use when solving certain problems.

The first alternative is the joint probability distribution. In general:

The first order:
)
)
(
(
1
1
a
t
X
P
represents the instantaneous amplitude

The second order:
)
)
(
,
)
(
(
2
2
1
1
a
t
X
a
t
X
P
represents the structure of the signal
(which is related to the spectrum discussed in subsequent sections)

The higher (
k
th) order:
)
)
(
,...,
)
(
,
)
(
(
2
2
1
1
k
k
a
t
X
a
t
X
a
t
X
P
represents the
details of the signal.
The joint probability representation is easy to use. However,
two different process
may have the same joint probability distributions.

The other alternative form is the analytical form. For example:
X
(
t
) =
A
sin(
t
+
)
where,
A
conforms a Normal distribution and
conforms an uniform distribution. In
general, the analytical form representation is unique but it is not always possible to
find an analytical form.

When two or more random processes are involved, say
X
(
t
) and
Y
(
t
), the following
concepts are important:

The joint distribution:
P
[
X
(
t
1
) <
x
1
, …,
X
(
t
n
) <
x
n
,
Y
(
t’
1
) <
y
1
, …,
Y
(
t’
n
) <
x
n
]

The cross

correlation function:
)
(
)
(
*
)
(
2
1
2
,
1
t
Y
t
X
E
t
t
R
XY

The cross

covariance function:
)
(
)
(
*
)
,
(
)
,
(
2
1
2
1
2
1
t
t
t
t
R
t
t
C
Y
X
XY
XY

The
correlation coefficient:
)
,
(
)
,
(
)
,
(
)
,
(
2
1
2
1
2
1
2
1
t
t
C
t
t
C
t
t
C
t
t
r
XY
XX
XY
XY

Equality:
X
(
t
) and
Y
(
t
) are equal if their respective member functions are identical
for each outcome of
S.

Uncorrelated:
X
(
t
) and
Y
(
t
) are uncorrelated if
)
,
(
2
1
t
t
C
XY
= 0,
t
1
,
t
2

Orthogonal;
X
(
t
) and
Y
(
t
) are orthogonal if
)
,
(
2
1
t
t
R
XY
= 0,
t
1
,
t
2

Independent:
X
(
t
) and
Y
(
t
) are independent if
P
[
X
(
t
1
) <
x
1
, …,
X
(
t
n
) <
x
n
,
Y
(
t’
1
) <
y
1
, …,
Y
(
t’
n
) <
x
n
] =
P
[
X
(
t
1
) <
x
1
, …,
X
(
t
n
) <
x
n
]
P
[
Y
(
t’
1
) <
y
1
, …,
Y
(
t’
n
) <
x
n
],
t
1
,
t
2
…
t’
1
,
t’
2
㜮㐠潭攠印散楡氠ia湤潭⁐牯e獳敳
⠱(⁇畳獩a渠n牯e獳es

The most commonly used random process is Gaussian process. A Gaussian process,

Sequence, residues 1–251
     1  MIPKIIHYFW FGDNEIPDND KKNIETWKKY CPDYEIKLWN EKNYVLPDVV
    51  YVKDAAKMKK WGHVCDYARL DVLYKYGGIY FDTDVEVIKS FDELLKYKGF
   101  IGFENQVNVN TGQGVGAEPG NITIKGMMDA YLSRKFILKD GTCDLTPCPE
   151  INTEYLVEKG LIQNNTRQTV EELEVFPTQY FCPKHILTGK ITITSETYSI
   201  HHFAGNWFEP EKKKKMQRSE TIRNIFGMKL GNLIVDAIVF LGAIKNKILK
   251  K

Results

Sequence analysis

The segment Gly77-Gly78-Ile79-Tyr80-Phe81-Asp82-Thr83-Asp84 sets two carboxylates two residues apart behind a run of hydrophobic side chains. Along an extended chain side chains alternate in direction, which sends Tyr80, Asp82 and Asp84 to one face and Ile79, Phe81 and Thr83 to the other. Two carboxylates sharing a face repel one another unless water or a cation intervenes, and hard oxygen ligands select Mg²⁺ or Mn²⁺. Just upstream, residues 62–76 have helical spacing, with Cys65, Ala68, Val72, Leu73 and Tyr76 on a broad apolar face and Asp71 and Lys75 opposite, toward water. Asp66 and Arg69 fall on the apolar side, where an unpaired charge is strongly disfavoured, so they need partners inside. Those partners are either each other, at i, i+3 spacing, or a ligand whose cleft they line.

X
(
t
),
t
Ⱐ,a渠扥e獣物扥搠y猠灲潢a扩b楴yn獩sy晵湣瑩潮
x
x
x
x
x
x
1
1
2
1
2
2
1
exp
2
)
(
n
f
睨w牥Ⱐ
t
1
,
t
2
, …,
t
n
Ⱐ
x
= {
x
1
,
x
2
, …,
x
n
}, and
x
i
=
X
(
t
i
). In addition,
x
is the mean
vector and
is the covariance matrix.

Gaussian processes have several important features: Let
2
1
2
1
...
...
x
x
x
n
k
x
x
x
x
,
2
1
x
x
x
,
22
21
12
11
2
1
2
2
22
21
1
1
12
11
...
...
...
...
...
...
...
...
...
...
...
...
...
...
...
...
..
...
...
...
...
...
...
nn
nk
n
n
kk
n
k
n
k
Then:
(a)
Independence: if
ij
= 0,
i
j
, then
X
is independent.
(b)
Partiti
on at
k
:
X
1
has a k

dimensional multivariate Gaussian distribution with a
mean
1
x
and covariance
11
.
(c)
Reduction: if
A
is a
k
n
matrix of rank
k
, then
Y
=
AX
has a
k

variate Gaussian
distribution:
x
y
A
T
A
A
x
y
(d)
Conditional probability: the conditional probability density function of
X
1
given
X
2
=
x
2
is a k

dimensional multivariate Gaussian distribution with the mean and
covariance defined below:
2
1
2
1
2
1
22
12
2
2
1
/
x
x
X
X
x
x
X
X
E
21
1
22
12
11
/
2
1
X
X

An ex
ample: a work station sends out either a signal (1) or no signal (0). Because of
the noise disturbance, it is found that the signal can be described by a Gaussian
random process:
X
(
t
) = {
x
1
(t),
x
2
(t)}
where,
x
1
(t) ~
N
(0, 1),
x
2
(t) ~
N
(1,1) and:
1
0
1
1
Note that
X
is not independent. The conditional probability of
X
1
given
X
2
= 2 is
Gaussian with:
2
1
X
X
= 0 + (1)(1)

1
(2
–
1) = 1
2
1
/
X
X
= 1
–
(1)(1)

1
(0) = 1
By the way, since the probability function
is independent on the time, the signal is
stationary. Is it also Markov? (Yes)
(2) Another important type of random process is binary random process (random binary
waveform). It is often used in data communication systems.

Illustration of a binary random p
rocess

The properties of the binary random process:

Each pulse has a rectangular shape with a fixed duration T and a random
amplitude
1.

Pulse amplitude are equally likely to be
1 (can be converted to 0 and 1)

All pulse amplitude ar
e statistically independent

The start time of the pulse sequences is arbitrary and is equally likely between 0
and T.

The mathematical expression:
k
k
D
kT
t
p
A
t
X
)
(
)
(
where,
p
(
t
) is a unit amplitude pulse of duration
T
,
A
k
is a binary random variable
r
epresenting the
k
th pulse, and
D
is the random start time with uniform distribution in
the interval [0,
T
].

An example of binary random process, in the above figure: {…1,

1, 1,

1,

1, …}

The mathematical expectations:

E
{
X
(
t
)} = 0;

E
{
X
2
(
t
)} = 1;

T
t
t
t
t
R
XX
2
1
2
1
1
)
,
(
3.5. Stationarity